•   the duration of a sound bite in broadcast media is nine seconds and

•   the average number of messages carried is three.

This discipline of sticking to 27 words is really hard BUT it really helps get you to the very heart of what needs to be heard. And it stops non-comms muggles from turning it into 27,000 words. We’re sure you routinely have that issue too.

Here’s the blank grid you’ll start with:

jude andy 1.png

You have three columns that each have a key message and, going from left to right those are the three messages you’ll use the most often, your elevator pitch. In 27 words.

Beneath those are your supporting messages, your evidence and proof points. They back up your top key message and, again, form up to 27 words.

This 27 9 3 method was used in South West Yorkshire Partnership NHS Foundation Trust’s HSJ award-winning wellbeing campaign, #alloufus. Evaluation from that campaign showed very high levels of message recall and the structure put in place played a significant role.

This same structure was also used in NHS Digital’s NHS App campaign which had an original download target of one million people and now boasts 20 million downloads. (That was, by the way, totally down to this 27 9 3 message structure and absolutely nothing at all to do with a global pandemic.)

You can use this method of producing key messages not only in campaigns but also anywhere you need to have your key message clear, memorable and succinct – for example, it works great for media interview prep.

It’s a tried and tested model but when we started looking at strategic narratives for NHS Digital we took it a step further by introducing another model.

The golden circle

Our strategic narrative work set out to explain what our organisation does, as well as each of our key directorates. So it quickly felt more complex than just banging together a 27 9 3 message grid.

As we said before, some super clever people had done the hard work for us and we just needed to work out how to apply their theories. Enter Simon Sinek, stage left.

Have you heard of Simon Sinek’s ‘golden circle’? If you haven’t then we very strongly suggest you watch his amazing TED talk – it’s one of the most watched of all time.

The golden circle is based on the principle that people don’t buy what you do, they buy why you do it. This taps into the bit of our brain, the limbic bit, that’s responsible for emotions and feelings. And it’s a part of the brain that also processes decision-making.

That’s why it’s so powerful when messages communicate with that bit of someone’s brain first, before they engage their rational bit of the brain. Get them feeling something first and it’s this feeling that will influence decision making or a response to a call to action.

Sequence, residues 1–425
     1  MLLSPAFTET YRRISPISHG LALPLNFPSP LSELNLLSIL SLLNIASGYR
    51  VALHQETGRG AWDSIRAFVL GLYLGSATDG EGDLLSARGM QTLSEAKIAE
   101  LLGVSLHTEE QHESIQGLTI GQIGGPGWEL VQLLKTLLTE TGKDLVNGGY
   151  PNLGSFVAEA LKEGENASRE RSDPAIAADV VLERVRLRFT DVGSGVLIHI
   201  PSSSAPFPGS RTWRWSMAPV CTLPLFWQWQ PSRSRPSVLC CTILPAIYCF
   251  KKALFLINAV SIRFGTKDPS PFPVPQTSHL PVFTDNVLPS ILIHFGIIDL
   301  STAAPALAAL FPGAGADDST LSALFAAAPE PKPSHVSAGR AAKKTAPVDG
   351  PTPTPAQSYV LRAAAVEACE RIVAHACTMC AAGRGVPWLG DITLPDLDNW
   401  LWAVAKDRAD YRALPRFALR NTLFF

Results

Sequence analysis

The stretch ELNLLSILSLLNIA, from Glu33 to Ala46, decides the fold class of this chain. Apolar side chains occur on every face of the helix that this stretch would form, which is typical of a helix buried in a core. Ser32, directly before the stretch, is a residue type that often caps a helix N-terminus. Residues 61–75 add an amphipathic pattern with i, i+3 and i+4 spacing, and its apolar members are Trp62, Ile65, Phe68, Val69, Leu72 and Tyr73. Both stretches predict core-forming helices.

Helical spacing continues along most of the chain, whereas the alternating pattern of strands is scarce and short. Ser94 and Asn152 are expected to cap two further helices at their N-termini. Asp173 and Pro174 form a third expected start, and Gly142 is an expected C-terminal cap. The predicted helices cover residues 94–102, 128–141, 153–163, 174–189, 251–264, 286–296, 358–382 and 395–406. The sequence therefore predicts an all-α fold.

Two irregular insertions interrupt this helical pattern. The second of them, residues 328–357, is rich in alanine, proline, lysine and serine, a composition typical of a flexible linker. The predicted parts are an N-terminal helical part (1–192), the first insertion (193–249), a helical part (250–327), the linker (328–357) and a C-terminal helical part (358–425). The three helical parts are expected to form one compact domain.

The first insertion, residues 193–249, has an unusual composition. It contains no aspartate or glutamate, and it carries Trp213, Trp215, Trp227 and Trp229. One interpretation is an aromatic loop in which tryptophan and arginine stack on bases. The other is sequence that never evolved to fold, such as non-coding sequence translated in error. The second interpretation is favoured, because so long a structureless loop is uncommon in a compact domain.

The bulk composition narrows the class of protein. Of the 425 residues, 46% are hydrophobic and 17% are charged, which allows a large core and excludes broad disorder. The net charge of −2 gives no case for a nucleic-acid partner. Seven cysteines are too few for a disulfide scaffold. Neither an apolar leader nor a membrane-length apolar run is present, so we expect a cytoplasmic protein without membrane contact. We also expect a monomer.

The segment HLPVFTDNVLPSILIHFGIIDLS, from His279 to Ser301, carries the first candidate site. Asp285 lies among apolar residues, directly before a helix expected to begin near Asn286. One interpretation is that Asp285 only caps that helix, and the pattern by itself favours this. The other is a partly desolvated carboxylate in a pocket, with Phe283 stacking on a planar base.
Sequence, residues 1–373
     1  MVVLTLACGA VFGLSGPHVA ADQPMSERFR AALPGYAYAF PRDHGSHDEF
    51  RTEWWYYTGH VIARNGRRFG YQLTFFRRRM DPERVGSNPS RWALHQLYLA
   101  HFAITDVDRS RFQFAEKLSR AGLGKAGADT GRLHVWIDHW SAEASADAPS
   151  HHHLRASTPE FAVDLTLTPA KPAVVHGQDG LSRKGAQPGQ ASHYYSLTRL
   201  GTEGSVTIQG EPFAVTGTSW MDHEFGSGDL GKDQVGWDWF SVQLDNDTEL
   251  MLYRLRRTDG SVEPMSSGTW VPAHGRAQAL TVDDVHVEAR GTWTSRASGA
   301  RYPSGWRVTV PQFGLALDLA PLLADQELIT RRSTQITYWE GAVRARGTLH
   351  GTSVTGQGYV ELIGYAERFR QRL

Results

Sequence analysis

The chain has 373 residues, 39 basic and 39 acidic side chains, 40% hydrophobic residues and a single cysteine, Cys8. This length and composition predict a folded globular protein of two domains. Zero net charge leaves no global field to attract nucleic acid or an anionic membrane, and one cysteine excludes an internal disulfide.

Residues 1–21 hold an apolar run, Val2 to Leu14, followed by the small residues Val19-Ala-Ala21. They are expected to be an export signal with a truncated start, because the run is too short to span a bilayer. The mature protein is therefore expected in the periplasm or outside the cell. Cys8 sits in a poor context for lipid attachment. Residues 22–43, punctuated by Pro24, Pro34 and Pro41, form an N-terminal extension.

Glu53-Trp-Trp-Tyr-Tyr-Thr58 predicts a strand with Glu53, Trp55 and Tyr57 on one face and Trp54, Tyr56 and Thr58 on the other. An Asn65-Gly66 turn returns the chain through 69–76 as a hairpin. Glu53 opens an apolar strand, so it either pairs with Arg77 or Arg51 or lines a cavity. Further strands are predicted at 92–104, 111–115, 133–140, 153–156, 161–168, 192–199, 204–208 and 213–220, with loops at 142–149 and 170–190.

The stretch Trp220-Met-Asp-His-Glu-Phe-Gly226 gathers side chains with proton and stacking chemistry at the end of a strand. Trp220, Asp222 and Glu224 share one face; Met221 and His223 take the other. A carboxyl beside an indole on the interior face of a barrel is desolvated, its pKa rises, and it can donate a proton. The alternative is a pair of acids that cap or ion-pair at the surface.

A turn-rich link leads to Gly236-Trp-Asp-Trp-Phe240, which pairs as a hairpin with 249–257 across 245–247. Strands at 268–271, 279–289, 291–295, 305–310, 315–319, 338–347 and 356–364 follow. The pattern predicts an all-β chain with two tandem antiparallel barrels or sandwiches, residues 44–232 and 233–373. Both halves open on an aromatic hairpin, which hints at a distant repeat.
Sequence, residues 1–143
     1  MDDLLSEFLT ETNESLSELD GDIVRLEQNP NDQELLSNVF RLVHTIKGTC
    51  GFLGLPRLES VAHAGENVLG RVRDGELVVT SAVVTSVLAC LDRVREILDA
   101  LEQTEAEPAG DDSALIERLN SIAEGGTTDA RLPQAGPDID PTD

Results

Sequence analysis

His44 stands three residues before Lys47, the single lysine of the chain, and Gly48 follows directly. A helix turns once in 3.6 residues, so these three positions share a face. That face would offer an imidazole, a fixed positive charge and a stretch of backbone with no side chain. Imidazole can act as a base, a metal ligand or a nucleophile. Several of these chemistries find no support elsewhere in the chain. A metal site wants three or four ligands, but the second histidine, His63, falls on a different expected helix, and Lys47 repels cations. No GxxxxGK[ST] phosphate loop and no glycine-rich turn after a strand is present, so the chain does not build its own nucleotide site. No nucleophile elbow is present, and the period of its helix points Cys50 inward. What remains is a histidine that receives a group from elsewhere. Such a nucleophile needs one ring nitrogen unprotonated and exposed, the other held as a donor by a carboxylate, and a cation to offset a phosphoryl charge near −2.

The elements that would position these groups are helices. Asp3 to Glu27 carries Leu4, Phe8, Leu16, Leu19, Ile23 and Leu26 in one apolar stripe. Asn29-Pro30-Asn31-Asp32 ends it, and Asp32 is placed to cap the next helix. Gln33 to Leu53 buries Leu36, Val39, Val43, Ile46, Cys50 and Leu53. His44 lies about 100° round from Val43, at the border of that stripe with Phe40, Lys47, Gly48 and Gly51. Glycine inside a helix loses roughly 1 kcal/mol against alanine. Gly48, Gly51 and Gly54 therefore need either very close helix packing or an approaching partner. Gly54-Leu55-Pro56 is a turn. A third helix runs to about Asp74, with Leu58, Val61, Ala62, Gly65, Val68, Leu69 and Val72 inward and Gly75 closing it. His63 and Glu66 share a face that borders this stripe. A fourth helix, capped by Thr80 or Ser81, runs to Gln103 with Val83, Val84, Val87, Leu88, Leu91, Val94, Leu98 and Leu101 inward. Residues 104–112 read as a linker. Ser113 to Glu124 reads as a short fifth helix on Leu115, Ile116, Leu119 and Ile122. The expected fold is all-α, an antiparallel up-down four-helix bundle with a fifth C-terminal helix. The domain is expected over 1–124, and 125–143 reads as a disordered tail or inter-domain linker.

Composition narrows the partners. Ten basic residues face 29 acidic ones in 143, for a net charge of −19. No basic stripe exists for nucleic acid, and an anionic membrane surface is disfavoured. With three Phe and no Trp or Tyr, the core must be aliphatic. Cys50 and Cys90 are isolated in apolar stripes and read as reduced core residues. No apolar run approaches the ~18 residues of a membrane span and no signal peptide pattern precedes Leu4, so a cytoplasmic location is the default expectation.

We used this model extensively when talking to our colleagues about what they, or our organisation, is here for.

jude andy 2 circles.png

So, we begin in the centre with WHY, our purpose. What’s our motivation and what do we believe in?

Then we move on to HOW, the process. These are the actions we take to achieve our why.

And only then, finally, do we say WHAT we do. The result of our why.

Always remember the theory that too many companies – and people – start with what they do, as opposed to why they do it. But people don’t buy what you do, they use their limbic brain to buy why you do it.

It was fascinating when working with colleagues how many people dive straight into what, as opposed to why. A very powerful and simple question is “why do you exist?” (Not, you as in you, the person. We’re not going all existential here.) Just try asking the people who make up an organisation, a service, project or programme and see what sort of conversation it leads to.

In fact, take a look at your own organisational ‘about us’. Is it full of ‘the what’? Or does it start with why? Try playing around with it and see how quickly and easily you can transform it into copy that makes people feel something, rather than just being informed by it.

Put it together

So, when you overlay the golden circle theory onto the 27 9 3 grid, you get this:

jude andy 3.png

Put it all together, column by column, and ta-daaa! you’ve got yourself a narrative. A narrative that starts with why, takes in the how and only then, finally, gives the what. What a narrative it is! Oh, the places you’ll go!

If you’ve defined your audience, caried out insight, sorted objectives, worked out positioning, brand, sentiment, measurement and all those other wonderful commsy type things then, congratulations, you can also call it strategic.

See, not that big and scary after all?

Of course, we’re being flippant. We know just how much work goes into creating simple and compelling messaging.

You’re never done

And, of course, like the good communicators you are you haven’t sat in a dark room and done this in isolation. No siree, you’ve worked alongside your people, you’ve held workshops, you’ve counted up your 27 words and bartered over what to add in and what to exclude. You’ve involved people every step of the way so they feel as if they own it, they haven’t been done-to, they’ve done-with and are now far more likely to buy in to the next stage of actually using your carefully crafted words.